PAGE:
The overall evidence links 133 diseases and injuries that could be prevented through healthier environments. These results reinforce the public health principle that “creating and maintaining healthy environments should be a priority of primary disease prevention.” 

This report is a call-to-arms to all of us to do what we can — now — to reduce environmental health risks.

Direct links between environmental risks and disease

Research evidence mounts demonstrating a direct link between environmental risks and disability-adjusted life years (referred to as DALY – a combined measure of years of life lost due to mortality and years of life lost due to disability). These data are sobering. They suggest the need for global awareness and direct public health interventions and regulations to reduce disease risk. In addition, we all need to take personal responsibility, where we can, to lower our environmental health risks.

Here are some of the highest preventable disease burdens, with percentages that directly link to specific environmental hazards.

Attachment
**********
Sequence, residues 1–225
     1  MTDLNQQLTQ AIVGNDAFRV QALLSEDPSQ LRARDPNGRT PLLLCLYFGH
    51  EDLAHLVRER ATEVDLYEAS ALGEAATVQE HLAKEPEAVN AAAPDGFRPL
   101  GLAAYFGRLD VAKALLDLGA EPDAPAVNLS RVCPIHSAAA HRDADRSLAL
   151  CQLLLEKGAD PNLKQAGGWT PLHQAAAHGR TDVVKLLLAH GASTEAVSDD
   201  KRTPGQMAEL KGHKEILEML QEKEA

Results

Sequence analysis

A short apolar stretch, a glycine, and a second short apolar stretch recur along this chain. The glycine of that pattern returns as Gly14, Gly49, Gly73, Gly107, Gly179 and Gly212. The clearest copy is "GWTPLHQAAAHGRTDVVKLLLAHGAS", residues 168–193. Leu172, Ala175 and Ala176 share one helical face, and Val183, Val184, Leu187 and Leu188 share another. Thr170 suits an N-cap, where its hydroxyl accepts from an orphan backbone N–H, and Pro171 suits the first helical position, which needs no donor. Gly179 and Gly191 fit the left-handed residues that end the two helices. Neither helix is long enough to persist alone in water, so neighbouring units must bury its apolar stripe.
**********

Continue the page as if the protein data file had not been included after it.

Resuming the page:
Chart, Environmental Health Risks

Modifiable environmental areas to improve wellbeing

Emerging environmental risks

The direct and indirect impacts of emerging risks, such as climate change and ecosystem change, need to be tackled urgently, as they are set to become the most challenging risks populations will face in the coming decades. Read about a new study from U-M researchers that shows changing climate conditions in Michigan pose an emerging public health threat.

There are eight main environmental areas with the greatest influence on disease burden. If we concentrate our efforts to modify these specific environmental risks we can have a substantial influence on increasing our collective wellbeing.

1.         Pollution of air (including second-hand tobacco smoke), water, or soil with chemical or biological agents

2.         Ultraviolet and ionizing radiation

3.         Noise, electromagnetic fields

4.         Occupational risks, including physical, chemical, biological, and psychosocial and working risks

5.         Built environments, including housing, workplaces, land-use patterns, and roads

6.         Agricultural methods

7.         Man-made climate and ecosystem change